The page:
Senior Lauren Nolan interned for Goman Advertising Limited. Her challenge was to market a product specifically to some of the most impoverished people in Zambia—without the use of new media.
“The markets I was working to connect with don’t have refrigerators, let alone computers and Internet connection,” she said.
That was not the only hurdle she had to overcome, however. Zambia consists of nine culturally distinct provinces in which there are more than 70 dialects total.
“I learned how overcoming language barriers is the first, and most vital, step in creating meaningful communications for consumers,” Nolan said.
Through their internships, students observed places in Zambia they would not have otherwise seen and received cultural advice they would not have otherwise obtained. The internships proved to play an imperative role in the study abroad program.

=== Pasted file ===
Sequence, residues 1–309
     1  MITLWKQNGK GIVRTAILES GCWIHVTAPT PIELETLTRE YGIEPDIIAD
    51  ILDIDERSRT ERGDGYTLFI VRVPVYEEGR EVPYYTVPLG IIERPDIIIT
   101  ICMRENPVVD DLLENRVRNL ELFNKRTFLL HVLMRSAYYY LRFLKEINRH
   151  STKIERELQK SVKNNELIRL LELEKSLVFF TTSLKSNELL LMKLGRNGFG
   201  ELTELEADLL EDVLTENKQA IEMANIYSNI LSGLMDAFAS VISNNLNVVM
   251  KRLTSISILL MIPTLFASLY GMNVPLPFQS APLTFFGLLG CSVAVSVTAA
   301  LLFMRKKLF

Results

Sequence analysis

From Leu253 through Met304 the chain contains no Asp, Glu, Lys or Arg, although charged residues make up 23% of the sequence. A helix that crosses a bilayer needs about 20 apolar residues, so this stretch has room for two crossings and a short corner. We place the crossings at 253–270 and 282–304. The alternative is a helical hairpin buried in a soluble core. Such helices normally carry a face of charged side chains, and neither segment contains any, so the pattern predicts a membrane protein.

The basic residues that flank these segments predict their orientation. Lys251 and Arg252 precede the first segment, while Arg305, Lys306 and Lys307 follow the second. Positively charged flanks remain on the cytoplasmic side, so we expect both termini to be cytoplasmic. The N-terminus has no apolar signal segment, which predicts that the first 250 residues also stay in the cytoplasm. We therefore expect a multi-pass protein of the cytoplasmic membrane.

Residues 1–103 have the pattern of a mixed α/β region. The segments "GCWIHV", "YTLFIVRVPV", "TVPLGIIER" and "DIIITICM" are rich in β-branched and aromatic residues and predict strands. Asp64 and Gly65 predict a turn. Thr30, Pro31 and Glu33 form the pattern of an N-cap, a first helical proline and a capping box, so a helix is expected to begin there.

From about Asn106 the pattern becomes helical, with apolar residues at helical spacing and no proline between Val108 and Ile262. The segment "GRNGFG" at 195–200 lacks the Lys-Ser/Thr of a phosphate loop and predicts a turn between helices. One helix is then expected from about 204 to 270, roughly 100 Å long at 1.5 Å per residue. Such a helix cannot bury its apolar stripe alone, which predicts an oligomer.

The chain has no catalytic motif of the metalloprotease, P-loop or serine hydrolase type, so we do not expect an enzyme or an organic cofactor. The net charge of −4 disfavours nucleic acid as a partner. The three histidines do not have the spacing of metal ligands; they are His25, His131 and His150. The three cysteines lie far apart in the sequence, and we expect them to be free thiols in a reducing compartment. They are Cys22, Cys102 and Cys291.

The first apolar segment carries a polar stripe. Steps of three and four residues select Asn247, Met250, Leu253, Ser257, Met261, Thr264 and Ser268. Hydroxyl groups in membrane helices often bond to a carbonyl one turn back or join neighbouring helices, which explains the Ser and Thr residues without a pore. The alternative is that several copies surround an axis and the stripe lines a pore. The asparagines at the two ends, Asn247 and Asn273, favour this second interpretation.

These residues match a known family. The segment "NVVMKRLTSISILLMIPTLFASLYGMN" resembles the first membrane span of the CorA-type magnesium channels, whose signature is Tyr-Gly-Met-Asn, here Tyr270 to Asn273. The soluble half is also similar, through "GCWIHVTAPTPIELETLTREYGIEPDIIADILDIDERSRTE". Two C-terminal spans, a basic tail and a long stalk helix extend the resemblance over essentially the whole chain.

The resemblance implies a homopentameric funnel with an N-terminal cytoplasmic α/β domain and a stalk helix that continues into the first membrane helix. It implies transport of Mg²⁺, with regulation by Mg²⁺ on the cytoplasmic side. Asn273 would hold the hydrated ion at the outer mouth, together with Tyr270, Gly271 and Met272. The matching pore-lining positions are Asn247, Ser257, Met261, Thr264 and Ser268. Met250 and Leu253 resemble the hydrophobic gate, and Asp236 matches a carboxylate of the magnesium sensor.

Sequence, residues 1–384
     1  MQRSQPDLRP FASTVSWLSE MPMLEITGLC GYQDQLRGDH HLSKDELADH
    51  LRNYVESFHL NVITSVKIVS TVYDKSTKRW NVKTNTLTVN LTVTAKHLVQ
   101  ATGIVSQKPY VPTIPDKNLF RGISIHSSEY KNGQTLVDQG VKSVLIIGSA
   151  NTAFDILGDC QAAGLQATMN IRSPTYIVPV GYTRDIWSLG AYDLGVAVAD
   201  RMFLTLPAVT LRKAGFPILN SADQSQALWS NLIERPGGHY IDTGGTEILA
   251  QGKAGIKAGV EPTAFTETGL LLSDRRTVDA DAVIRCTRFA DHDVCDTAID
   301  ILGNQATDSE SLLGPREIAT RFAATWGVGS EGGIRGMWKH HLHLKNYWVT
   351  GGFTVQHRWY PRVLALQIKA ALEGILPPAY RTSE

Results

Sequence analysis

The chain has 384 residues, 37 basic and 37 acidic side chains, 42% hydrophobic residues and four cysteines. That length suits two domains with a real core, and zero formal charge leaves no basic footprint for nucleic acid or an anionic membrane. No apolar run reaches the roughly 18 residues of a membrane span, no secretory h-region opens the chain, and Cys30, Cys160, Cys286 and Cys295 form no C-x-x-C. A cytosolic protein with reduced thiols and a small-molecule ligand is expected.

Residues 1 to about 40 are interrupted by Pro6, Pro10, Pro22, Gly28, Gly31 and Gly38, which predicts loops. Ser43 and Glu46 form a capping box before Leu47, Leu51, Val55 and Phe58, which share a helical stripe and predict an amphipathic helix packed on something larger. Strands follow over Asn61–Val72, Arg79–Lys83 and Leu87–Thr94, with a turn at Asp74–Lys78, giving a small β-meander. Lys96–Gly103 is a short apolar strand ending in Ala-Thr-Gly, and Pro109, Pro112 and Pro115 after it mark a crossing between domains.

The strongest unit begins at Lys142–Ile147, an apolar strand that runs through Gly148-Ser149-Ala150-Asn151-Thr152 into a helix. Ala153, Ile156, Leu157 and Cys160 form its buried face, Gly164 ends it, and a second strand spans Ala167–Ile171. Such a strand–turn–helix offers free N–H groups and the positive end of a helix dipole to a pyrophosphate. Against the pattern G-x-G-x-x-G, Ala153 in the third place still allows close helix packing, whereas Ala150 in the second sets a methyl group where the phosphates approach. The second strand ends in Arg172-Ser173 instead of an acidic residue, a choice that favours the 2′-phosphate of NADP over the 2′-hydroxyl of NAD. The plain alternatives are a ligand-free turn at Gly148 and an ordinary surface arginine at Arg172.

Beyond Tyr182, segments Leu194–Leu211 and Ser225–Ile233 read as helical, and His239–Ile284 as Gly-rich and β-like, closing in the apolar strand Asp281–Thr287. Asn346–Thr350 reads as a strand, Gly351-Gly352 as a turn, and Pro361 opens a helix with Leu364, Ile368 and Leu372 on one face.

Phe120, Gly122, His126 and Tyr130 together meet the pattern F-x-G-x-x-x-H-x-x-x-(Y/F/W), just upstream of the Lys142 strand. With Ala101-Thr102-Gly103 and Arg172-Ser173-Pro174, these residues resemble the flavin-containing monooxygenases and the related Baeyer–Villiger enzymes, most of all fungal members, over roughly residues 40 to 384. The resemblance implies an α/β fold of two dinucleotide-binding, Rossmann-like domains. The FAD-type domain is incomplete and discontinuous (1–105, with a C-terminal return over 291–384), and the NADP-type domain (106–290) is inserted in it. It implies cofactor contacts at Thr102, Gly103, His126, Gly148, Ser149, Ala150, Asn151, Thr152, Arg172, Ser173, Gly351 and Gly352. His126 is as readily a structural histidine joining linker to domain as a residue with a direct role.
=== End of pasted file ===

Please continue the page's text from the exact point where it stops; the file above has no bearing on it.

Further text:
A final component of the study abroad program, as expected, was the classes. Students commuted to the nearby University of Zambia twice a week to take two journalism courses, learning about different aspects of Zambian media and culture from UNZA communications lecturer Kenny Makungu as well as multiple guest speakers.
While spending time on the UNZA campus, OU students were able to meet and become close with several UNZA students. The two groups of students participated in many events together and regularly engaged in conversations about cultural differences—everything from politics to food to popular music.
The importance and impact of the friendships between OU and UNZA students—many of which are still in contact—is immeasurable.
OU students went abroad to Zambia fully expecting to learn from their courses. When they returned, however, they realized they had learned from every single moment they spent in Zambia.